As can be seen from the above, the results for each ideal-typical depiction of the relations between law and politics are unique, each having its own particular way of viewing how and to what extent the legal phenomenon relates to the political one. Despite these distinctions, it is still possible to find at least two common points of discussion among the different depictions. First, each of the theories covered by the three models begin their analysis from the fact that law and politics relate to each other in some fashion. That which actually characterizes their approaches, and distinguishes the models, is the degree of intensity (highest for CLS or natural law, lowest for legal positivisms and analytical jurisprudence) in the interrelationship between law and politics, not the dilemma of its presence or absence. The second common point of discussion among the different models is the consideration that law and politics, regardless of the intensity of their relations, are actually two phenomena that cannot be fully assimilated within each other. Even theories like CLS, natural law or Law and Economics still speak of two different phenomena, one called law, the other, politics. Stressing the dependency of the first to the second does not imply that they are simply two words identifying one phenomenon. These common starting positions taken by contemporary legal theories as to the issue of law and politic are actually the product of the recognition by the vast majority of contemporary legal scholars that a system of diverging forces operates within modern Western legal systems. One force pulls in the direction of concentrating the law into the hands of politicians, therefore requiring a law more structurally obedient to reasons of politics than, for example, to those of systematic legal development. The increasing complexity and number of areas the political world recognizes as its domain and therefore regulates by law in their turn cause another force to pull the law in the opposite direction. This increasing politicization of the community life encourages a development of the idea of law as rigid to the outside reality, with its own rules as monopolized by a group of legal professionals. 17 The fact that the law is subjugated to this system of two strong simultaneously opposing and pulling forces, then in turn affects the manner by which contemporary legal theories perceive the law: Law and politics always tend to be depicted as two (more or less) different phenomena, which however (with a higher or lower degree of frequency) communicate with each other.18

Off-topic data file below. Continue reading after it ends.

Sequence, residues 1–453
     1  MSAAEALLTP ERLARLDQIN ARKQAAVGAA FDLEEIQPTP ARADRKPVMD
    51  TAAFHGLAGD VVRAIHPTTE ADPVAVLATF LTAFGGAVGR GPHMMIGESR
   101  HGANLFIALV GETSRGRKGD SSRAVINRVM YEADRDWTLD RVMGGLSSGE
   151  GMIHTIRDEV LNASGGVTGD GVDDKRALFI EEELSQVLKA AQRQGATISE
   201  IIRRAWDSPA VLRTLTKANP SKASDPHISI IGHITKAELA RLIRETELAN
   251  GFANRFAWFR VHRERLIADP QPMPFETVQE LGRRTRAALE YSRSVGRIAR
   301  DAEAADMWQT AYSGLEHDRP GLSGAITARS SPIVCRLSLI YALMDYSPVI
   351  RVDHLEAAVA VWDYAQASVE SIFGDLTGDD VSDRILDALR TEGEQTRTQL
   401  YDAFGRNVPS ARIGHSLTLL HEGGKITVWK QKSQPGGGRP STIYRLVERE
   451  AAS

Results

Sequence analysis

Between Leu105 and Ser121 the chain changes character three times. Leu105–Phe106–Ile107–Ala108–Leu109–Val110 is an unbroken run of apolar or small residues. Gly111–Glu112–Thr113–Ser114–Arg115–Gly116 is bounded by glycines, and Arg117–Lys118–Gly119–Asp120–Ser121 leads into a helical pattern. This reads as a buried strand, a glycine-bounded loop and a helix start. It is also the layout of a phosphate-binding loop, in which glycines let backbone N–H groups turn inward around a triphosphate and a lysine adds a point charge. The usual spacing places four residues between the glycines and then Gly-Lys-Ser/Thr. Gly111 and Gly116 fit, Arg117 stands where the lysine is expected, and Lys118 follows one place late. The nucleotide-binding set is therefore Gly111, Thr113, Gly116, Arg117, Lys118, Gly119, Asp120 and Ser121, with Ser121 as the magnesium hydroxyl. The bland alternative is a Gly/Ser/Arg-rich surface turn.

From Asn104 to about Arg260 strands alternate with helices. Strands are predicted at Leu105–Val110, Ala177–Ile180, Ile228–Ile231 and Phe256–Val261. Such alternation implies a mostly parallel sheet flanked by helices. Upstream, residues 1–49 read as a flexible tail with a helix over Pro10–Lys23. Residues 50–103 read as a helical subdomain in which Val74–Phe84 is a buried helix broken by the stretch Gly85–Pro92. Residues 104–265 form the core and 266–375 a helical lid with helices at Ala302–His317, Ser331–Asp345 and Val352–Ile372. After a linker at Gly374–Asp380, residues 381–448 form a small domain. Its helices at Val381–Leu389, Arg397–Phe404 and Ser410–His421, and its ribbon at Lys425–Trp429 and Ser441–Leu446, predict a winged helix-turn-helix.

List of key publications
BERMAN, HAROLD J. 1983. Law and Revolution. The Formation of the Western Legal Tradition. Cambridge, MA: Harvard University Press.
CALABRESI, GUIDO, JULES COLEMAN, RONALD DWORKIN, DUNCAN KENNEDY, FRANK MICHELMAN and RICHARD POSNER. 1980. Symposium –Efficiency as a Legal Concern. Hofstra Law Review 8(3): 485-770.
COTTERRELL ROGER. 2003. The Politics of Jurisprudence: A Critical Introduction to Legal Philosophy. 2nd ed. London: lexisnexis Butterworths.
DUXBURY, NEIL. 1993. The Theory and History of American Law and Politics. Oxford Journal of Legal Studies 13: 249-270.
HABERMAS, JÜRGEN. 1998. Between Facts And Norms. Contributions to a Discourse Theory of Law and Democracy. Cambridge, MA: The MIT Press.
HART, HERBERT L. A. 1994. The Concept Of Law. 2nd ed. Ed. P. A. Bulloch and J. Raz, 238-276. Oxford: Clarendon Press.
KELSEN, HANS. Science and Politics. In H. Kelsen, What is Justice? Justice, Law, and Politics in the Mirror of Science. 350-375. Berkeley: University of California Press.
KRAMER, MATTHEW. 2000. How Moral Principles Can Enter Into The Law. Legal Theory 6(1): 83-108.
LLEWELLYN, KARL N. 1931. Some Realism about Realism. Harvard Law Review 44: 1222-1264.